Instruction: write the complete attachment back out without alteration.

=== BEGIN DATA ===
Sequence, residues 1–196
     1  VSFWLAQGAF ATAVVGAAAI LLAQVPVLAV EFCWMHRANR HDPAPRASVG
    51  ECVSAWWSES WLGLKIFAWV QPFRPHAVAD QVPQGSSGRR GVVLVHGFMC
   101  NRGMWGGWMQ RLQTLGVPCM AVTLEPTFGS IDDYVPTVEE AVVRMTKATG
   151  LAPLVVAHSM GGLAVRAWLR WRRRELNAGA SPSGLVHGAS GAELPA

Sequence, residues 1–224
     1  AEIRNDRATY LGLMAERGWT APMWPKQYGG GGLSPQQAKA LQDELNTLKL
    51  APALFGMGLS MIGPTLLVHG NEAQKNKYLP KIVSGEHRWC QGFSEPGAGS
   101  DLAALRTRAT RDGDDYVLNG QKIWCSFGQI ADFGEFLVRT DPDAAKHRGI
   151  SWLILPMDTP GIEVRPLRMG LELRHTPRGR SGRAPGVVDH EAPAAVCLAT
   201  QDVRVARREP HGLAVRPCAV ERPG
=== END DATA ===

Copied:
Sequence, residues 1–196
     1  VSFWLAQGAF ATAVVGAAAI LLAQVPVLAV EFCWMHRANR HDPAPRASVG
    51  ECVSAWWSES WLGLKIFAWV QPFRPHAVAD QVPQGSSGRR GVVLVHGFMC
   101  NRGMWGGWMQ RLQTLGVPCM AVTLEPTFGS IDDYVPTVEE AVVRMTKATG
   151  LAPLVVAHSM GGLAVRAWLR WRRRELNAGA SPSGLVHGAS GAELPA

Sequence, residues 1–224
     1  AEIRNDRATY LGLMAERGWT APMWPKQYGG GGLSPQQAKA LQDELNTLKL
    51  APALFGMGLS MIGPTLLVHG NEAQKNKYLP KIVSGEHRWC QGFSEPGAGS
   101  DLAALRTRAT RDGDDYVLNG QKIWCSFGQI ADFGEFLVRT DPDAAKHRGI
   151  SWLILPMDTP GIEVRPLRMG LELRHTPRGR SGRAPGVVDH EAPAAVCLAT
   201  QDVRVARREP HGLAVRPCAV ERPG